How can I dye wool?
Mixing alum water with Bengala mud dye helps the color go into the wool fabric/yarn easily without felting. It prevents felting caused by the steps of rinsing process.
Weigh the material (fabric, raw wool, yarn) you are going to dye.
Put tap water that is 10 times the weight of the fabric in a bucket.
Measure an amount of alum water in order for the water in the bucket to contain 3 % alum water, then pour into the bucket and mix.
Pour the amount of dye you like and mix well.
Soak the material in the dye bath and knead it lightly. Note: Excessive Kneading causes felting of the material.
The dye solution becomes clear as you keep dyeing. If you want deeper color, repeat the steps from 3 to 5.
Squeeze the dyed fabric lightly and then wrap it in a towel to remove excess water.
Dry it well and the whole process is finished.
Note: Alum water makes it easy to dye by promoting ionization. Excessive use causes the pigments to adhere to each other preventing good dyeing results. Please use the proper amount.
After-dye care and washing
How should I treat the fabric after dyeing?
After dyeing, dry the fabric completely. You can use an iron after hang dry if need. You can wear it after it's dried. If the color is dark, you can rinse before wearing.
Can I wash the dyed fabric? Will the dye bleed or fade?
Do not wash right after dyeing process. The dyed fabric must be completely dried. After hanging dry, you may add ironing or tumbler drying to fully fix the rubber for secure. Once it's dried, you can rinse it before wearing. In this process, the excess color particles will fall, so you won't get color on your skin.
For the first few times, wash separately from other clothing in case. You can wash it in the washing machine later.
As it's a natural material, it's not as long-lasting as synthetic dye. But compared with other natural dyes, Bengala is much stronger. Japanese people have been using this material for protecting a wooden house from UV-ray as weather shield paint.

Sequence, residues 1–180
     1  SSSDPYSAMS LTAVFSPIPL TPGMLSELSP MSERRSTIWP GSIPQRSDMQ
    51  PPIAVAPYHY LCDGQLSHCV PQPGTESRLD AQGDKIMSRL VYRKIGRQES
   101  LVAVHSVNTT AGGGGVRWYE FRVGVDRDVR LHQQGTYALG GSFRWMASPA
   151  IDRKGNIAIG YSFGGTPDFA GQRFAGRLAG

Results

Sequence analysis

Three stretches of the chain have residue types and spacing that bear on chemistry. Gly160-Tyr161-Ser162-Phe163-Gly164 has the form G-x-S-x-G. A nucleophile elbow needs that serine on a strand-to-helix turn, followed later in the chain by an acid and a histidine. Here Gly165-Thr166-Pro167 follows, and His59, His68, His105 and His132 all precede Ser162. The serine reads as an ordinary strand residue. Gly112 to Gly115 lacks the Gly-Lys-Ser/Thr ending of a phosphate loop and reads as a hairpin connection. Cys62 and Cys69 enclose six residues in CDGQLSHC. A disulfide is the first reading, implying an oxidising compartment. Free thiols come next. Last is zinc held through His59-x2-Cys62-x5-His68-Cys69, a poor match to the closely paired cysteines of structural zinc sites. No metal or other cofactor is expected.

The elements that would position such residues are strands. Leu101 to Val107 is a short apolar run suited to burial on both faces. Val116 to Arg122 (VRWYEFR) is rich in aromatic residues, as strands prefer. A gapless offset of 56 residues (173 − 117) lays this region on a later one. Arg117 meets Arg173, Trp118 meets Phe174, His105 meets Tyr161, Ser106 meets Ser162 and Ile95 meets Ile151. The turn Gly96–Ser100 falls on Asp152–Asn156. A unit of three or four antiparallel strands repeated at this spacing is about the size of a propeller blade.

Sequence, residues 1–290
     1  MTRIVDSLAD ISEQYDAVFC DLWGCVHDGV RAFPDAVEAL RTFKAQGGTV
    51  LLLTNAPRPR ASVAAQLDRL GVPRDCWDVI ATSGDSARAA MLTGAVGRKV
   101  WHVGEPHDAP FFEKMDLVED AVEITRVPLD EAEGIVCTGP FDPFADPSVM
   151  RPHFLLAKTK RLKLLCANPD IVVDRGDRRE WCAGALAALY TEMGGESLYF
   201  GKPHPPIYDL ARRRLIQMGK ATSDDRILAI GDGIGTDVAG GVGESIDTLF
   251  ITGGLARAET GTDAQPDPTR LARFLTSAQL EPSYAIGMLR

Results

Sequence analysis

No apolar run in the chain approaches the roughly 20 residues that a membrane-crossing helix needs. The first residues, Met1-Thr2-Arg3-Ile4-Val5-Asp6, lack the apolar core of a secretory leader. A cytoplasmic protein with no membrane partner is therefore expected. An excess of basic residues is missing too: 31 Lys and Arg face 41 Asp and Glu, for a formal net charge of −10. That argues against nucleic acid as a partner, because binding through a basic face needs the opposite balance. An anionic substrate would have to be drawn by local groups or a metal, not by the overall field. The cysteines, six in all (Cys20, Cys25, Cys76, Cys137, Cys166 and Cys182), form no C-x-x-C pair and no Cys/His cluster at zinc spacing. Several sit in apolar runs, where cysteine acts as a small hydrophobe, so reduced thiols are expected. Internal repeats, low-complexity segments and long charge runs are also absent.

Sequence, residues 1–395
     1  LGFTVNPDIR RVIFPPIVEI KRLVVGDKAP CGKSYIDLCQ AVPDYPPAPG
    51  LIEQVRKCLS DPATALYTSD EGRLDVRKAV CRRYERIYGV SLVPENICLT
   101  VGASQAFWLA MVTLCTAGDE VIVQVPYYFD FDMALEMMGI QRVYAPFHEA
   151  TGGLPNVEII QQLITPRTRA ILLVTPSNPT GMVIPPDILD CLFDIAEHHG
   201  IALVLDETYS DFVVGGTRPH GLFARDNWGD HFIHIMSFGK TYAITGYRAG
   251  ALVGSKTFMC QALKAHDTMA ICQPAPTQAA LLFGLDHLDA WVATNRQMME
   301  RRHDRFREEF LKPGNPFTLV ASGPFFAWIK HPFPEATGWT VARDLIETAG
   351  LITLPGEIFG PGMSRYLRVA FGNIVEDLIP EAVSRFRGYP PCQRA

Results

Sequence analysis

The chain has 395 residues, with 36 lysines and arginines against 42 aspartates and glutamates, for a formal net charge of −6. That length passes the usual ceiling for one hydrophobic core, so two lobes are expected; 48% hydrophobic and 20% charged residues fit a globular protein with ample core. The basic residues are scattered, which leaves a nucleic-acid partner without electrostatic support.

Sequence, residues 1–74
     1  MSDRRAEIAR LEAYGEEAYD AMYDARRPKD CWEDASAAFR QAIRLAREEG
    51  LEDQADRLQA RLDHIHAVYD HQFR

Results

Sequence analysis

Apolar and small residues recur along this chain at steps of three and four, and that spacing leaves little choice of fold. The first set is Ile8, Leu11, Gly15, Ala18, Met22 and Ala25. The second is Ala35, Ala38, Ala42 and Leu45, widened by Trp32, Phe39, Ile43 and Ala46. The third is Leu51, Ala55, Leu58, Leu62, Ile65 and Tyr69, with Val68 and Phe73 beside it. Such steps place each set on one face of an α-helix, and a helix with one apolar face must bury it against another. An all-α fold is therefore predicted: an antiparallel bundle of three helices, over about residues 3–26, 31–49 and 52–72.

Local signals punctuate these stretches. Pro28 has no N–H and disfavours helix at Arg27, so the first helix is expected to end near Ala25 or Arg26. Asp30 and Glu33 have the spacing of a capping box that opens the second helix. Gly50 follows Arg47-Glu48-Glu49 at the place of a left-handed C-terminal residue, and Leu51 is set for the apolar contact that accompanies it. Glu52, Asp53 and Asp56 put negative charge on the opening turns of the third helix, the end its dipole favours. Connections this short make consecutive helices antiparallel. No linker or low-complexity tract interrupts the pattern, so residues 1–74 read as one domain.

Can I try tie-dye?
Yes, you can. We recommend to use pre-fixer for tie-dye technique because it makes the contrast of the dyed part and the resist part. Any color resist dye, it's the same reason to use pre-fixer. Bengala dyeing is not soak-dye and dip-dye. You have to knead the tied fabric in the dye bath until it reaches to your desired color. (Be mind, the color will be lighter when it's dried.) You can repeat to add dye color if the dye bath change to clear water.
How can I customize my own Bengala colors?
Bengala is like watercolor. You can mix the colors as you like. If you like lighter shade, start with a small amount of dye in the water. You can add color anytime.
You can create unexpected color with various combinations. Also make blue shades by adding Aijozome Indigo in a Bengala dye solution. Furthermore, you can mix with K-2 Gohun (it's white color from natural titanium dioxide.) to make pastel colors.
How can I draw directly on fabric?
Draw just same as watercolor painting. You need brushes and water. Dilute with water for your desired tone.
You can draw on dry fabric. If need to blur the color, wet the fabric partially while painting. It's same as watercolor on fabric.
Any other dye techniques?
For stencil dye, you need to have the stencil brushes and some stencil patterns which is available at craft store (eg. Michael's or Etsy Shop). You can play with stamp for block printing as well.
Draw just same as water color. You need brushes and water. Dilute with water for your desired tone.
You can draw on dry fabric. If need to blur the color, wet the fabric partially while painting. It's same as water color on fabric. For stencil dye, you need to have the stencil brushes and some stencil patterns which is available at craft store (eg. Michael's or Etsy Shop).
You can play with stamp for block printing as well.
Can I dye my clothes with Aijozome Indigo?
The color of Aijozome is not deep like dark indigo blue. It's a medium shade. If you like lighter, you can add more water. You need to prewash and prefix on your skirt. This preparation is important to success your dyeing. You can dye any material with using a prefixer. But the color appearance depends on the surface of the fiber of your fabric. Synthetic fiber is slippery surface. So the color will be lighter than natural fibers. Take time to knead the fabric in the dye bath. So the pigment of indigo will be attached well and the color becomes deeper.